The duties of the police are varied, ranging from assisting at accidents to safeguarding public order and dealing with lost property. One of their main functions is, of course, apprehending criminals and would-be criminals.

 

II. Answer the following questions.

 

1. Who was the founder of the British police?

2. What does "walking the beat" mean?

3. Why are British police cars called 'jamsandwich' cars in colloquial speech?

4. Is there a single police force, organised by central government?

5. What is the major difference in police organisation between Britain and some other countries?

6. When do British police forces co-operate with each other?

7. What is the name of London's police headquarters?

8. In what situations can policemen carry arms?

9. What are the ranks of policemen?

10. What is the job of CID officers?

11. What are the duties of traffic wardens?

 

III. Read the text and fill in the gaps with the appropriate words and expressions from the previous text.

 

In Britain different areas have different____________. For instance, the Metropolitan police operate in London, but there are different police forces in the counties outside London. The top man in each police force is______________. He is appointed by the local Watch Committee which is a__________ of the local government. The Watch Committee can dismiss him, too, if the central government agrees. The Chief Constable appoints all the _________ below him in his force. Things are slightly different in London. The top man is known as the Metropolitan Police Commissioner and his appointment is arranged through the central government. British police are normally not _________. In special cases, when their work becomes dangerous, they can be given __________however. As is well known, the __________ of the British policeman is blue, with a tall helmet. These days, though, you can see a different uniform in the streets. This is the uniform with the yellow hatband worn by__________. Their job is simply to control traffic and__________. The most famous name connected with the British police is __________. It is the headquarters of the London police force. Besides dealing with local police matters, the London police also help all over England and Wales with difficult crimes. They do this at the request of the local police.

 

IV. Scan through the text.

POLICE POWERS

 

The powers of a police officer in England and Wales to stop and search, arrest and place a person under detention are contained in the Police and Criminal Evidence Act 1984. The legislation and the code of practice set out the powers and responsibilities of officers in the investigation of offences, and the rights of citizens.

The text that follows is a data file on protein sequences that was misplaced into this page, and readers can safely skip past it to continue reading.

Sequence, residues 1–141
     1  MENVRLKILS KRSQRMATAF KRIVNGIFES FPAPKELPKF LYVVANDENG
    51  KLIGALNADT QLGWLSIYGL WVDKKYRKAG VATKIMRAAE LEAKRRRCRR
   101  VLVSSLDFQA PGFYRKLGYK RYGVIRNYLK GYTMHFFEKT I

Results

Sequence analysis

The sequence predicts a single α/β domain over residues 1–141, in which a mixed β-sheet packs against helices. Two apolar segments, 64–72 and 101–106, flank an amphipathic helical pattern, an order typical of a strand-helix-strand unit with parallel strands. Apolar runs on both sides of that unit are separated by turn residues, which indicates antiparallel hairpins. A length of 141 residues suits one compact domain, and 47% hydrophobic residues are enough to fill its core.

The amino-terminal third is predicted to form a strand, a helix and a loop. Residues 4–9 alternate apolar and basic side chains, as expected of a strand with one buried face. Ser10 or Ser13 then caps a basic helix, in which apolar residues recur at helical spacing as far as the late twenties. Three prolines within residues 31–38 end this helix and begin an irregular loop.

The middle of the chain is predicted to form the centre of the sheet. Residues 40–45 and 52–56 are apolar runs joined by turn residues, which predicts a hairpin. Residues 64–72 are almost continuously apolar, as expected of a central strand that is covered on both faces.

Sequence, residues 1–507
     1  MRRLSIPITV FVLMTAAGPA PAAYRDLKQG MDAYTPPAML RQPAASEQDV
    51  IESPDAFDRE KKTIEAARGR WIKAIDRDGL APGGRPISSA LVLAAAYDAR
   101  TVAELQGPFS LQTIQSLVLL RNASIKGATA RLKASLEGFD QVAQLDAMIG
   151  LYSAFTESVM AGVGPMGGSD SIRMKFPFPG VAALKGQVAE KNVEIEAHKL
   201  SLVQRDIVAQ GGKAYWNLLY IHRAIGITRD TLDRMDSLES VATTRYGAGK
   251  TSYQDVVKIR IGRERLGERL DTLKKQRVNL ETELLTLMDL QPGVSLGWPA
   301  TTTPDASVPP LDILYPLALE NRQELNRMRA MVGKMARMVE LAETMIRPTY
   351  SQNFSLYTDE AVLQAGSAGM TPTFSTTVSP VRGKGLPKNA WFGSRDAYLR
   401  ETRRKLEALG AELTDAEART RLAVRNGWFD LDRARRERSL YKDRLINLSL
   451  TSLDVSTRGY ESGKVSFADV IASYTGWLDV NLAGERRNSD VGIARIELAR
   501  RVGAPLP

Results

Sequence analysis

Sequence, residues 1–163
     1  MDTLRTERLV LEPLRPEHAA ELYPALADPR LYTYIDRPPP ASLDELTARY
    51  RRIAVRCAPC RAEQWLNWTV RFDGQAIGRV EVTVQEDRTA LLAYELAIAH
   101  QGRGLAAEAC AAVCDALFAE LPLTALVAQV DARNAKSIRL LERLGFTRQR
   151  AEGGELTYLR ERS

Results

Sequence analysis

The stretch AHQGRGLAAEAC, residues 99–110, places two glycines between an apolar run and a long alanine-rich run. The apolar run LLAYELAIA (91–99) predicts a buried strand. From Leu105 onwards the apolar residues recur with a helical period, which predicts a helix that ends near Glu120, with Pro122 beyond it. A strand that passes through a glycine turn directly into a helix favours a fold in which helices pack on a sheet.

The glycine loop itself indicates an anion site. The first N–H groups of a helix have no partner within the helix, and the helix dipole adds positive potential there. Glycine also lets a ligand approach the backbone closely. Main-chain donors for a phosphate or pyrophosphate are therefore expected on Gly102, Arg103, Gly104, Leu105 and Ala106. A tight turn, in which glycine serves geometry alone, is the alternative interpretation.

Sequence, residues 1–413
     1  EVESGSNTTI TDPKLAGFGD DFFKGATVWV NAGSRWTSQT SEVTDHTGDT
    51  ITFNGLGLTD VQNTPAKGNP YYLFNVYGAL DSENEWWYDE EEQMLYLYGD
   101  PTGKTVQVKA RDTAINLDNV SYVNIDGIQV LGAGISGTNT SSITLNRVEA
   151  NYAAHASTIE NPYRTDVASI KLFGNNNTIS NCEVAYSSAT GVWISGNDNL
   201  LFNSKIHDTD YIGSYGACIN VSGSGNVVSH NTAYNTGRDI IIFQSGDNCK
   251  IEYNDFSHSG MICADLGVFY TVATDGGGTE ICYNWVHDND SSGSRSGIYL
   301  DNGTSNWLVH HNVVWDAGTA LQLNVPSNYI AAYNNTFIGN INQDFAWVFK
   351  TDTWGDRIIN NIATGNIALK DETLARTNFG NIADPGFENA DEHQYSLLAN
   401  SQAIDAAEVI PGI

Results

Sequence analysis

An officer is liable to disciplinary proceedings if he or she fails to comply with any provision of the codes, and evidence obtained in breach of the codes may be ruled inadmissible in court. The code must be readily available in all police stations for consultation by police officers, detained people and members of the public.

Stop and Search

A police officer in England and Wales has the power to stop and search people and vehicles if there are reasonable grounds for suspecting that he or she will find stolen goods, offensive weapons or implements that could be used for theft, burglary or other offences. The officer must, however, state and record the grounds for taking this action and what, if anything, was found.

The Criminal Justice and Public Order Act 1994 enables a senior police officer to authorise uniformed officers to stop and search people or vehicles for offensive weapons, dangerous implements where he or she has reasonable grounds for believing that serious incidents of violence may take place. The officer must specify the time-scale and area in which the powers are to be exercised.

Arrest

In England and Wales the police have wide powers to arrest people suspected of having committed an offence with or without a warrant issued by a court. For serious offences, known as 'arrestable offences', a suspect can be arrested without a warrant. Arrestable offences are those for which five or more years' imprisonment can be imposed. This category also includes 'serious arrestable offences' such as murder, rape and kidnapping.

There is also a general arrest power for all other offences if it is impracticable or inappropriate to send out a summons to appear in court, or if the police officer has reasonable grounds for believing that arrest is necessary to prevent the person concerned from causing injury to any other person or damage to property.